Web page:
This year, though, I’m going in a different direction. I’m using Mardel’s A Simple Plan planner this year. And luckily, it was in stock! It’s usually OUT OF STOCK at this point in time, so I was super excited it was still available. Then I thought through my approach to organizing our homeschool plans, and I decided to I wanted to do a spiral/paper/physical planner this time!

I have used other planners in the past that I like, some I haven’t, and I’m sure I’ll write a post about it at some time. But this particular post isn’t about awesome things you can do for your homeschool…it’s about what we’re using for our homeschool for 2022-23! And we’re using Mardel’s dated homeschool planner!

I think when the kids get in high school, I’ll utilize a student planner for them to learn more accountability and independence. But for now, we use binders that I put together for them. I’m planning their stuff right now so until the day when I can just tell them to “read chapter 6 and then do the questions, spelling, etc”, and they do it, I’ll do the planning!

I do have Trello Boards dedicated to Homeschooling in which I’ve mapped out their Scope and Sequence for when I planned out their curriculum and concepts. I refer to this throughout the year too. (But this happened before I decided on the curriculum! I update it each year!)

Lesson Organizers

In addition to a planner, I like to keep a Mom Binder of things. These are things similar to the planner, but more specific to the school year, like syllabuses, tables of content, copies of stuff, notes, lesson plans, that kind of stuff.

Then, I use a wall hanger. I put our lessons in this wall hanger for the week, which I found was a lot more doable than putting lessons in a file box. I still have the file box, but now I put completed lessons and tests in there, things we’ve already done. I will be our week’s lesson in the hanger file along with the lesson books if we’re going to need them, spelling lists, notes, interactive notebook templates, and so on.

hanging folders we use for homeschool

As I mentioned, each child has their own sets of composition notebooks for notes or interactive notebooking, but each USUALLY has their own binder, too, to put current lessons in.

I’ve organized the binders a few different ways over the years:

  • divided by subject, or
  • divided by day of the week

If I use the subject way, I put multiple lessons in each one, which kind of moots the whole point of the wall hanger. And I have to put the lessons in there, like I said, which takes time.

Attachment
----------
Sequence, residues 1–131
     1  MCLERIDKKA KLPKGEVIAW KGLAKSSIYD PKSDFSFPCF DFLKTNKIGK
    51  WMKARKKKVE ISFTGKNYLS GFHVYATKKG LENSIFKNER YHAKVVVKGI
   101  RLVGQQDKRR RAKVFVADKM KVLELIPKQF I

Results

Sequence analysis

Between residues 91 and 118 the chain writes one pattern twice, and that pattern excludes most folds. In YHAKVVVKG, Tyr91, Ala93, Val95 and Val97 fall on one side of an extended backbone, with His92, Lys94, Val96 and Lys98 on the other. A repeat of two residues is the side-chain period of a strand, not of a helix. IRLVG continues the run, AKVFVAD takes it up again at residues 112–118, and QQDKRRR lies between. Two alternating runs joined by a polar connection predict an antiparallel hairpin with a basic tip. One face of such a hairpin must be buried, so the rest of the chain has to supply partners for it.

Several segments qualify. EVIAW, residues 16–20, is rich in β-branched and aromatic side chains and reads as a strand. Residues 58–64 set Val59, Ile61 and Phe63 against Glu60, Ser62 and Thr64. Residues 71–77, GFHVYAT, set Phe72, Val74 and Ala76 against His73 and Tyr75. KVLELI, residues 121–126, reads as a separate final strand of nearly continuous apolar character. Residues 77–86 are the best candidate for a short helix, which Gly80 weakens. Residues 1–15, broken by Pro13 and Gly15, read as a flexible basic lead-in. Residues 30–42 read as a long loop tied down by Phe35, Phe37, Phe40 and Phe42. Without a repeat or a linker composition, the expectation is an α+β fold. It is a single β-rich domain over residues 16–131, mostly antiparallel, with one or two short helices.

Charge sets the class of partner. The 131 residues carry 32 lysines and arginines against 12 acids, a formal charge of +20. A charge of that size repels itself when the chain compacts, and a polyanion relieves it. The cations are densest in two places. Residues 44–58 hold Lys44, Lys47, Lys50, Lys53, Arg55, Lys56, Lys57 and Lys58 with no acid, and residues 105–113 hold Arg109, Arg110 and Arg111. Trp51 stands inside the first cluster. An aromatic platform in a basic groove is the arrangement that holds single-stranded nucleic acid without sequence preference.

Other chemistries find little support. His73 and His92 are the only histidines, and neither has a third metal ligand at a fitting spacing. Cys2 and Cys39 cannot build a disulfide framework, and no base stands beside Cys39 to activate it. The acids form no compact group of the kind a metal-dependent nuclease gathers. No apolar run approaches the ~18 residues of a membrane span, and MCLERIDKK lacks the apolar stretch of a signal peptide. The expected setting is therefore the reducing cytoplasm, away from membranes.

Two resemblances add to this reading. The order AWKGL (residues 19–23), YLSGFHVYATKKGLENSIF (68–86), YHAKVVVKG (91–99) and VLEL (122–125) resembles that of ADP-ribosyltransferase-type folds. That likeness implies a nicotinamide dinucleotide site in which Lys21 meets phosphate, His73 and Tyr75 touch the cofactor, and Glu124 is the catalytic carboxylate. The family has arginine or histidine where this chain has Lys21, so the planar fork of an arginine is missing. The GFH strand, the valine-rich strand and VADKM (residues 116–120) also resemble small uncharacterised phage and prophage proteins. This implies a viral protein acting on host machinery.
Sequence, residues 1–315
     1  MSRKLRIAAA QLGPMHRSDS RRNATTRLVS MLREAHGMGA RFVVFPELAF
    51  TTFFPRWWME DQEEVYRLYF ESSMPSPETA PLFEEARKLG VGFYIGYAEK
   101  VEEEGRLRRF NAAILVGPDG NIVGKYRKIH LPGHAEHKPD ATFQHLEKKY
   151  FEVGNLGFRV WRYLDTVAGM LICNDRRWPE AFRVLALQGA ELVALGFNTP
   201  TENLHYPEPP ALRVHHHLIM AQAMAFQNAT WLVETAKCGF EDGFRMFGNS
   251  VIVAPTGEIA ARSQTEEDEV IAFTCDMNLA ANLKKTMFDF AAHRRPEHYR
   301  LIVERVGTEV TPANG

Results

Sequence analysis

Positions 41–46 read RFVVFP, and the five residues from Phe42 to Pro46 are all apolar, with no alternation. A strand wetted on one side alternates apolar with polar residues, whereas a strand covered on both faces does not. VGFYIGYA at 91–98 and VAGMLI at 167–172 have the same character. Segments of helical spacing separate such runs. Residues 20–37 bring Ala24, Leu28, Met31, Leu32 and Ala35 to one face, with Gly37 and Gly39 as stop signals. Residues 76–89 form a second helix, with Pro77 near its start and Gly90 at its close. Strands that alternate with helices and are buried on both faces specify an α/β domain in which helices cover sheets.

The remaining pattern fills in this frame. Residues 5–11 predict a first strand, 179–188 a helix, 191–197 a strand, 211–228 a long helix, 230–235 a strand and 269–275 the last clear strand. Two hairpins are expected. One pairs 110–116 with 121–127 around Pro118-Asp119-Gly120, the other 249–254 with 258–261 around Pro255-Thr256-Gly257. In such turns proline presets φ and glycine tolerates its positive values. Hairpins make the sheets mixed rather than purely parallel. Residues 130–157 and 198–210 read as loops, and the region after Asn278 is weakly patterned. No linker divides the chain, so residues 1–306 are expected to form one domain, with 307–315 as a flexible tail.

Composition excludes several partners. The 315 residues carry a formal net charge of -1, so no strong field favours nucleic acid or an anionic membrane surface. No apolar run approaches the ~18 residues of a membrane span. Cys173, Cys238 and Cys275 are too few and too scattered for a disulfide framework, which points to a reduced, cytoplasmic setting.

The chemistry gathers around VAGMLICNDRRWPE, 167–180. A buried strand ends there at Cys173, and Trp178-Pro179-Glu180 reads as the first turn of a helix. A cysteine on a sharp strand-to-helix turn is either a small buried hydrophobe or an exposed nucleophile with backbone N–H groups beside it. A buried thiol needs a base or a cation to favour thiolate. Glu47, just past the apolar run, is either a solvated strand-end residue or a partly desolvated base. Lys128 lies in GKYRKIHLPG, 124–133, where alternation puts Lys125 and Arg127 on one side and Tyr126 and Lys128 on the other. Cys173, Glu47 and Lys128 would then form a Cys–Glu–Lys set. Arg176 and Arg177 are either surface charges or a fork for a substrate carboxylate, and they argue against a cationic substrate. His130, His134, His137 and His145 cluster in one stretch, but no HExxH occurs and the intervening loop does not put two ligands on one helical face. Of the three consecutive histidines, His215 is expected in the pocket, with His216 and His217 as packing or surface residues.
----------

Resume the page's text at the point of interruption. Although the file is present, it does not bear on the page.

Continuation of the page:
If I use the day of the week week, I refill the binders in the beginning of each week and put their lessons in the proper days where they go. The pickle with this way, though, is that we may need to push back a day, or we skip a day, or we don’t get to something. Or we need to spend longer on something. Also, many worksheets have Day 1 on the front side and Day 2 on the backside, so the perfectionist in me finds that irritating. I’ve even gone so far as to make copies of Day 2 just so I can put it in the correct day instead of having to remember it’s on the back of Day 1 and freak out thinking I lost it!

However, I really like the day of the week way – it’s efficient – but it’s not flexible enough. It’s not as flexible as the subject dividers. But the subject dividers aren’t really necessary, then, unless I just want them to have a few lessons for each subject in their binders. This is probably the best way.

As you can see, I’ve yet to decide this part.

However, I may just forego their binders altogether this year, for the first time, and see how that pans out. I mean, they have their composition notebooks, and we don’t use loose leaf paper right now.

But to be honest, I’ll probably succumb to the binders anyway because I like organization, and just put the week’s lessons in each divider by subject. So Mon-Friday’s lessons in divider 1, and so on. I can still use the wall hanger for books, lists, special things we’ll use that week, and so on.

Yes. I think I’ll do that! (Thanks for helping me out!)

And that’s about it for resources we use in addition to our curriculum. Of course, we also utilize Google and we do field trips and we do hands-on projects. But mostly, that’s about it! I know it seems like a lot, but I don’t use ALL of these at the same time! The time comes when I DO need these resources and then at that point, we do it!

For example, when we have extra time for math, I have them do Math Shed on their apps. (This is exactly what we used to do when Daniel and Zoey did Reading Eggs but they completed all of it! So they don’t use it anymore, only Scout uses it.)

Want to read this later? Download as a PDF!